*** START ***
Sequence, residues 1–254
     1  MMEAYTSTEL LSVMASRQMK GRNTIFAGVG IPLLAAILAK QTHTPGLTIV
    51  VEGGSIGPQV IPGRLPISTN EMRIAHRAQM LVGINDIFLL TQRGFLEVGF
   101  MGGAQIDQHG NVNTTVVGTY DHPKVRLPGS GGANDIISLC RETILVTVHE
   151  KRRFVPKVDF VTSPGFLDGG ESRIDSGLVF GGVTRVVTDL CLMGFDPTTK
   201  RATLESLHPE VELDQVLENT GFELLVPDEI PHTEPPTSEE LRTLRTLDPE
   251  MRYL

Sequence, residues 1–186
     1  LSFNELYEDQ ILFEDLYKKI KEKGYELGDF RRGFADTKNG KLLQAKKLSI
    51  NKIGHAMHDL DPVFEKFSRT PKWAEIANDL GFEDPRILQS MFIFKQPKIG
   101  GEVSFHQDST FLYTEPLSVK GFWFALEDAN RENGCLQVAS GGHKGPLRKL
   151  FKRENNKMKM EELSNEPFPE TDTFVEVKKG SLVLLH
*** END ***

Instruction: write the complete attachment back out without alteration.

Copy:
Sequence, residues 1–254
     1  MMEAYTSTEL LSVMASRQMK GRNTIFAGVG IPLLAAILAK QTHTPGLTIV
    51  VEGGSIGPQV IPGRLPISTN EMRIAHRAQM LVGINDIFLL TQRGFLEVGF
   101  MGGAQIDQHG NVNTTVVGTY DHPKVRLPGS GGANDIISLC RETILVTVHE
   151  KRRFVPKVDF VTSPGFLDGG ESRIDSGLVF GGVTRVVTDL CLMGFDPTTK
   201  RATLESLHPE VELDQVLENT GFELLVPDEI PHTEPPTSEE LRTLRTLDPE
   251  MRYL

Sequence, residues 1–186
     1  LSFNELYEDQ ILFEDLYKKI KEKGYELGDF RRGFADTKNG KLLQAKKLSI
    51  NKIGHAMHDL DPVFEKFSRT PKWAEIANDL GFEDPRILQS MFIFKQPKIG
   101  GEVSFHQDST FLYTEPLSVK GFWFALEDAN RENGCLQVAS GGHKGPLRKL
   151  FKRENNKMKM EELSNEPFPE TDTFVEVKKG SLVLLH